In a rationally constructed complement fixation test the quantity of each reagent should be known and definite. The relative quantities of the different factors used should also be definite and suitable. The reasons why these principles should be respected will be apparent.
First, let us study the properties of hemolytic amboceptor and complement. When present together amboceptor and complement dissolve the blood corpuscles for which the amboceptor used possesses a specific affinity. The process of hemolysis is, however, a quantitative one. To dissolve a given bulk of corpuscles requires a definite amount of amboceptor and complement; and the quantity of these two reagents just sufficient to cause complete hemolysis within a time limit represents the unit of these hemolytic components relatively to each other. Expressed graphically:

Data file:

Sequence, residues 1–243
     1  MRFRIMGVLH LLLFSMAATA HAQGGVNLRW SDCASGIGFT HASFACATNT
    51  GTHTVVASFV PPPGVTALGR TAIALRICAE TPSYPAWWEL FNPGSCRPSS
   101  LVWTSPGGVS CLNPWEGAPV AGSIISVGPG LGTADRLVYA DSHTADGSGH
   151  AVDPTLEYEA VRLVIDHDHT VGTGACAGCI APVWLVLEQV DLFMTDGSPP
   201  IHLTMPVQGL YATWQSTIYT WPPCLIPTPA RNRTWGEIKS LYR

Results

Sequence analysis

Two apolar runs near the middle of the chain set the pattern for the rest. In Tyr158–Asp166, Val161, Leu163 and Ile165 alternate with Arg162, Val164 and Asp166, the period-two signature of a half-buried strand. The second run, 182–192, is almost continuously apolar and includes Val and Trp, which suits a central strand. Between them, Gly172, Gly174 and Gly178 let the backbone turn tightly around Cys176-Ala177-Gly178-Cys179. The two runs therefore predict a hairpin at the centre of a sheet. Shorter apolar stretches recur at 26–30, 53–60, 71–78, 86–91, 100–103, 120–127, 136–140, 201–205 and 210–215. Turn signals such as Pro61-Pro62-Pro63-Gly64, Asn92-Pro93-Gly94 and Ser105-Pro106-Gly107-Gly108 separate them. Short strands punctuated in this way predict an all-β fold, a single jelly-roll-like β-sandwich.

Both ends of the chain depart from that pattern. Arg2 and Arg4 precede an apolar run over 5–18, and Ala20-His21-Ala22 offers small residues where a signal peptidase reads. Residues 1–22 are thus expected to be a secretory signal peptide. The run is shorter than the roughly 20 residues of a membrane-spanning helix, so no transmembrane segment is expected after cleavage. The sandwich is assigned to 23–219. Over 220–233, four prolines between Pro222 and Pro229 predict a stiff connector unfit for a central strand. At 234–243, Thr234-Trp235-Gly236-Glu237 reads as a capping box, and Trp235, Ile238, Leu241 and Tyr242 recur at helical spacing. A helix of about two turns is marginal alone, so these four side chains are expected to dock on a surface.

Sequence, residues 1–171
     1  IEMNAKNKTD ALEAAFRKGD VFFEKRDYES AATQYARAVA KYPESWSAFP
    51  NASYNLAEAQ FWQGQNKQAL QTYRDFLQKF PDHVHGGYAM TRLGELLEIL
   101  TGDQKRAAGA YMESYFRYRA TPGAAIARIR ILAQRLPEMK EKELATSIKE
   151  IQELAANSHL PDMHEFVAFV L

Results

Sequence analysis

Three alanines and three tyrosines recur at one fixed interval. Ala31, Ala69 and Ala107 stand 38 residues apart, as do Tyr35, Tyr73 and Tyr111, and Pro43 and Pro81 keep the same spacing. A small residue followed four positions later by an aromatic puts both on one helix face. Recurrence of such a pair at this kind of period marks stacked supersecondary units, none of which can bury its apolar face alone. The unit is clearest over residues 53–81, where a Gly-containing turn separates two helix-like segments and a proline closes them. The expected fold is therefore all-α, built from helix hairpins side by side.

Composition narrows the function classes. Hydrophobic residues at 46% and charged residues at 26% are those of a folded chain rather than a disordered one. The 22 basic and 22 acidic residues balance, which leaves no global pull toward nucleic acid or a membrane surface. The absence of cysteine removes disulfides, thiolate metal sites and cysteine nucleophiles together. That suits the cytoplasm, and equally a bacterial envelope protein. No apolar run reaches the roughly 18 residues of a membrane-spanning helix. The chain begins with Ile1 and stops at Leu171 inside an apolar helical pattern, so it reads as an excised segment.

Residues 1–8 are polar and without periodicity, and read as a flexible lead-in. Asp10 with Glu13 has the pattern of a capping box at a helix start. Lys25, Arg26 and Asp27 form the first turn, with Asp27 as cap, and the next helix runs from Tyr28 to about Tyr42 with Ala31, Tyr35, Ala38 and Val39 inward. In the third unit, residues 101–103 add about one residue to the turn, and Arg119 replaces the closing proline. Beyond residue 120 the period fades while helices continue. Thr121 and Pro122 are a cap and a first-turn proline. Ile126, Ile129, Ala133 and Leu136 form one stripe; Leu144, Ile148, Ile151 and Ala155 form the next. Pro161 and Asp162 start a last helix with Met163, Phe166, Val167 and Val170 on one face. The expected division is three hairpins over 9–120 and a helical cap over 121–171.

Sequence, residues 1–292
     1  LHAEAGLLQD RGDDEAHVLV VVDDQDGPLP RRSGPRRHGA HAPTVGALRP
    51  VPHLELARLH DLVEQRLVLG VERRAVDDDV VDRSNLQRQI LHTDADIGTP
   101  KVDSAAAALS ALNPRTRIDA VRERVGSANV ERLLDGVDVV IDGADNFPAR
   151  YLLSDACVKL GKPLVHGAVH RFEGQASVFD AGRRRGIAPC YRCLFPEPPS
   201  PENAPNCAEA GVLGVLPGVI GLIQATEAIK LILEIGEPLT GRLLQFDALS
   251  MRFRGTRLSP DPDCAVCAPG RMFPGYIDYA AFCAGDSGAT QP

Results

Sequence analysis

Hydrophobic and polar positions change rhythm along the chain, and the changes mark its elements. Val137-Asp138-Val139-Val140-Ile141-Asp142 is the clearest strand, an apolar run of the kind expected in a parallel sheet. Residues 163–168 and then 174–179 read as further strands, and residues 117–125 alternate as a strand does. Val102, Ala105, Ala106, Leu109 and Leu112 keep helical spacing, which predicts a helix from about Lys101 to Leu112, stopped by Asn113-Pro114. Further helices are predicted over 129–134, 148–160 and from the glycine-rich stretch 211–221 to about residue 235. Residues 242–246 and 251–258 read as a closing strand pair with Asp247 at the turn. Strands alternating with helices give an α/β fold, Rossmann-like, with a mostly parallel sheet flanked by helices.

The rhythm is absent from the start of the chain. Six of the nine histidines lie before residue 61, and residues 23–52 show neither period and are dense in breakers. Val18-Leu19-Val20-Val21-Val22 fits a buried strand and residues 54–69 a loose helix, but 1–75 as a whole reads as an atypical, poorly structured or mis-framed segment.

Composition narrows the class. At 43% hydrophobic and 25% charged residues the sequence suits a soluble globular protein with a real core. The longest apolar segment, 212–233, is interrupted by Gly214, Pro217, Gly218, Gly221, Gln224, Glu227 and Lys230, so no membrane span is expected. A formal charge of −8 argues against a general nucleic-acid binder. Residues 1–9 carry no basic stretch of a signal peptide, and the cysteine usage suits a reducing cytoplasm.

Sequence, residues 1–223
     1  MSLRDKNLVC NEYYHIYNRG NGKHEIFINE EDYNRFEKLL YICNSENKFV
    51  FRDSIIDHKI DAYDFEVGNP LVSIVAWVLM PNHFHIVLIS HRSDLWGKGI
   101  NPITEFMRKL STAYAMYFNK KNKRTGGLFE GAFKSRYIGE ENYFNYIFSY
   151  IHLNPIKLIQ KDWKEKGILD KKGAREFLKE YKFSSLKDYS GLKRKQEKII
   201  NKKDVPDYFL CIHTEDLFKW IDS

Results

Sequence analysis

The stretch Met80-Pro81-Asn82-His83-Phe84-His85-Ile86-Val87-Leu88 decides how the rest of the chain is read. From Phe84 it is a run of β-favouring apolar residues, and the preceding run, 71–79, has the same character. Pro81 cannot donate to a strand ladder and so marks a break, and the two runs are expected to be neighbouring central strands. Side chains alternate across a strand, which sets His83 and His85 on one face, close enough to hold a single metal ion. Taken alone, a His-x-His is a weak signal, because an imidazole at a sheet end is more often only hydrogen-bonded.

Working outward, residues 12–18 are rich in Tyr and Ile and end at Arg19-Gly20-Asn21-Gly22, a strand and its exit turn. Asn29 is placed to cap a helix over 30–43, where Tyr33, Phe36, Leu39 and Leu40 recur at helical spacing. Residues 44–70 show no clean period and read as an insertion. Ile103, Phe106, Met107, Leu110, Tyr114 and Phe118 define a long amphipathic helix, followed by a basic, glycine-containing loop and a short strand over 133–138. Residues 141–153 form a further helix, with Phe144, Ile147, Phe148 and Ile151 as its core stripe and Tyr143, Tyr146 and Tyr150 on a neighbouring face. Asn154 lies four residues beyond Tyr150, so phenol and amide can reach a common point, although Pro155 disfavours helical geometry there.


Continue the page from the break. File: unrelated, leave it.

1 unit corpuscles + 1 unit amboceptor + 1 unit complement = complete hemolysis.
There exists, however, a peculiar relationship